Ladies and gentleman, boys and girls, we’ve got another series coming your way! The series will include the bitter Ford vs. Ferrari competition that helped elevate the two Florida races to international prestige in the Sixties; the debut of the IMSA GT Series in the Seventies; the exotic IMSA GTP Prototypes of the Eighties; the World Sports Car of the Nineties; and the split between GRAND-AM and the ALMS of the 2000s that led up to the historic unification.
So, grab a bag of popcorn, your favorite chair, and let’s look back at key moments in SportsCar racing over the past five decades, starting with the sixties!
The Sizzling Sixties
The Sixties, a time where two of the most well-known manufacturers rivaled for the top spot, helped elevate the two races to international prestige. In the early 1960s, the Ford Motor Company attempted to buy out Ferrari in hopes of defeating them on the race track. While Ford's main focus was the 24 Hours of Le Mans, two Florida race tracks would play a key role in this new rivalry.
According to imsa.com, “Modern American sports car racing actually dates back to 1948, when World War II veteran Cameron Argetsinger decided to host a European-style grand prix on public roads around his adopted home of Watkins Glen, N.Y. The event was very successful, and other venues soon followed suit.”
Alec Ulmann, a spectator for SportsCar racing, decided to build a track using Hendricks Field, an abandoned WWII B-17 training base outside Sebring, Fla. He started with a three-hour race in 1950, and extended it to 12 hours in 1952. The next year it was part of the FIA World Manufactures Championship.
Meanwhile, according to imsa.com, “William H.G. France founded NASCAR in 1948 to sanction American stock car racing, including the events he held annually on a beach-and-road circuit in Daytona Beach, Florida.” After holding club races at the Daytona International Speedway he built,France held his first international event, the Daytona Continental, in 1962, as a prelude to the Daytona 500 while running one month ahead of the Sebring event.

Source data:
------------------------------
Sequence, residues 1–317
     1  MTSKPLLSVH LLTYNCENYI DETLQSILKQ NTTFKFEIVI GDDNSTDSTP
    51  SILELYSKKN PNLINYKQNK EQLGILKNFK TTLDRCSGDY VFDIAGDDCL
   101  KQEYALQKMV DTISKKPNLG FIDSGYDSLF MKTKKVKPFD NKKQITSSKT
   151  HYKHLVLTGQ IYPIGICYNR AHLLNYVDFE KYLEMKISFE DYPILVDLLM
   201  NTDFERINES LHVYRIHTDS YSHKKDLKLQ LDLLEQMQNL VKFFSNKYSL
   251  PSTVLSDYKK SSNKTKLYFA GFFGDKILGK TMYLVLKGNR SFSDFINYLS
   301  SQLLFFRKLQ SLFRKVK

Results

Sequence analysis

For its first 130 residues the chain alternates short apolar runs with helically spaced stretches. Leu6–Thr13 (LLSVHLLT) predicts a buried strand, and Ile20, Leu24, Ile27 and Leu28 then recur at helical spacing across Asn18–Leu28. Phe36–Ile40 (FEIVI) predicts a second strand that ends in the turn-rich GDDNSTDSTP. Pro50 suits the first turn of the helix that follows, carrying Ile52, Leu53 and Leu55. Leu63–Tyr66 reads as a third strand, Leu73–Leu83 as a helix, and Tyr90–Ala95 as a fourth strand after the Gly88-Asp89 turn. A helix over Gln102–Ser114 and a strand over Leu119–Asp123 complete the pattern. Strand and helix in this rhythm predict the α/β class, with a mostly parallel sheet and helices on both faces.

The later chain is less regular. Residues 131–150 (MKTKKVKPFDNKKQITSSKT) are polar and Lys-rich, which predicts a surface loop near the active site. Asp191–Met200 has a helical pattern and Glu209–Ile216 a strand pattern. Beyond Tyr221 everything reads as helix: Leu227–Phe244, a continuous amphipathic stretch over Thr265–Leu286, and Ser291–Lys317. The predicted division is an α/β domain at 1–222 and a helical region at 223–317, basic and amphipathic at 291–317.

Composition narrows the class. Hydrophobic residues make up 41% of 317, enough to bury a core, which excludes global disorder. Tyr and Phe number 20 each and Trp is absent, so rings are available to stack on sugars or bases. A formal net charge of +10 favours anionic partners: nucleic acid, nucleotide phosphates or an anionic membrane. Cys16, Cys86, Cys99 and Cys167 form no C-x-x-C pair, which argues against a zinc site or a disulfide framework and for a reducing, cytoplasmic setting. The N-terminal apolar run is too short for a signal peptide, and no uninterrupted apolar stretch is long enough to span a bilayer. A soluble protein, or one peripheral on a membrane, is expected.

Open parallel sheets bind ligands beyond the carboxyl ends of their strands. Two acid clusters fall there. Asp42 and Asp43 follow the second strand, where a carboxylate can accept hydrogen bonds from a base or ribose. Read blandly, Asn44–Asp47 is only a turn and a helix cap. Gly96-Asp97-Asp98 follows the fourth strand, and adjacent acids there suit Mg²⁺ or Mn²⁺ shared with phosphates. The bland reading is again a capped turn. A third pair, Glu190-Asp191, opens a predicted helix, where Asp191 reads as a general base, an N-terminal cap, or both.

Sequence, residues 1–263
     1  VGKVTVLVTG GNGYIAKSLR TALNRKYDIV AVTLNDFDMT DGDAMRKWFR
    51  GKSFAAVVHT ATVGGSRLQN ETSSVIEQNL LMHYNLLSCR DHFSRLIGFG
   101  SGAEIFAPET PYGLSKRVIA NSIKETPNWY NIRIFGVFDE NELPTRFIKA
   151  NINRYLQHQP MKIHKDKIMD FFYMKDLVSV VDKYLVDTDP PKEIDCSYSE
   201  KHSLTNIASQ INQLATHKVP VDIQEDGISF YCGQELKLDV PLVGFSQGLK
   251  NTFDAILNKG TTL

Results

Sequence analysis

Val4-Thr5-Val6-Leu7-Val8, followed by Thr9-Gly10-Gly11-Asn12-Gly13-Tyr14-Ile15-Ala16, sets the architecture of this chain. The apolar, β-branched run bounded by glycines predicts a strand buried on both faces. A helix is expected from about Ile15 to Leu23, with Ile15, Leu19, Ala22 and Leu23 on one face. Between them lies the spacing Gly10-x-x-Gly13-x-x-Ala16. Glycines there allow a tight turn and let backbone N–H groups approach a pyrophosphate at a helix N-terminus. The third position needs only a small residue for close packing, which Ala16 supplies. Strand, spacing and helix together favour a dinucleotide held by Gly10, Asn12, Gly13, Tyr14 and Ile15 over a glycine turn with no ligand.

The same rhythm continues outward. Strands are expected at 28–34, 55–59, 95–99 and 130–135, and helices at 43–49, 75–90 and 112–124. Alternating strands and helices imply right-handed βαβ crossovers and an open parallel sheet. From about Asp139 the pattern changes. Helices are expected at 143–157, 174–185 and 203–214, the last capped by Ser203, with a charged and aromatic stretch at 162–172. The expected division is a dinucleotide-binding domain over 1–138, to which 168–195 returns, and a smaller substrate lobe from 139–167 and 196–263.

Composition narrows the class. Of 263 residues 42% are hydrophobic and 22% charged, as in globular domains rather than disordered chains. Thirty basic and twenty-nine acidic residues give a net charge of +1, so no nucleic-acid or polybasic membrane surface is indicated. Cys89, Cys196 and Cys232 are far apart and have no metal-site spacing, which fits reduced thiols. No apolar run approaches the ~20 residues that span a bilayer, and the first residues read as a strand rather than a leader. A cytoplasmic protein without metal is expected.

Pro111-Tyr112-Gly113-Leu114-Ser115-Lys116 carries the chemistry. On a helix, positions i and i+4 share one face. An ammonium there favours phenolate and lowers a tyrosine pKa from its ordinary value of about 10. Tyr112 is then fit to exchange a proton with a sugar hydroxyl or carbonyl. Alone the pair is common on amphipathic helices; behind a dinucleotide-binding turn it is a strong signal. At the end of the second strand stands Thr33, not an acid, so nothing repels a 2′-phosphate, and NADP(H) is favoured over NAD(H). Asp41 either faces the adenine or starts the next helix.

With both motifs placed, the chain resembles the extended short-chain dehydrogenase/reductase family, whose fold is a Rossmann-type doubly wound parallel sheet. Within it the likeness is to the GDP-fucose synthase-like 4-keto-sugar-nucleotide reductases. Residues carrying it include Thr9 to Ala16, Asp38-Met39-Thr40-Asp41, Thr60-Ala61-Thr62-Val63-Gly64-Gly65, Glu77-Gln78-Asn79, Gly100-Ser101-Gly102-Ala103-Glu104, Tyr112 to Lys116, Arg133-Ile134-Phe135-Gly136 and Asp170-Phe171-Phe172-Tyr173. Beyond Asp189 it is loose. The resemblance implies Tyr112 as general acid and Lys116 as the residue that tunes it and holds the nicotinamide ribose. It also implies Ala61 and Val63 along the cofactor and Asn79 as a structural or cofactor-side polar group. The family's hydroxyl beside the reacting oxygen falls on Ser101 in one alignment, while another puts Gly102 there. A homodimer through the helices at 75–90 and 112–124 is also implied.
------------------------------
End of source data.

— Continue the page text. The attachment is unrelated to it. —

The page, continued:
With Ford and Ferrari ready to go to war, the battleground was extended to the two Florida venues. Ferrari won in the first battle by scoring podium sweeps at Daytona, Sebring and Le Mans in 1964; a massive dagger in Ford’s side.
After falling flat, Ford went all out in 1965 with their new GT40, where they came away with a top-four sweep at Daytona while Ferrari finished in seventh. However, later that year at the Le Mans showdown, Ferrari dominated with a podium sweep while Ford’s new GT40s failed to even finish.
The climax of the Ford vs. Ferrari was at Le Mans in 1967, where a pair of American drivers teamed to win in a Shelby-prepared Mk IV. Formula One veteran, and 1962 Daytona Continental winner, Dan Gurney teamed with Foyt, then a two-time Indianapolis 500 winner and four-time USAC Indy car champ.
The decade closed with a rule change by FIA that limited “engine displacement” rendering the Fords and Ferraris obsolete, ending the intense rivalry. However, both races and teams continued to grow through the 1970s, despite major rule changes that threatened American motorsports. Find out in Part II of our series next week about exactly how the rules influenced USCC racing.
For more information on the all new, inaugural Lone Star Le Mans series coming to Circuit of The Americas™ this September, see below!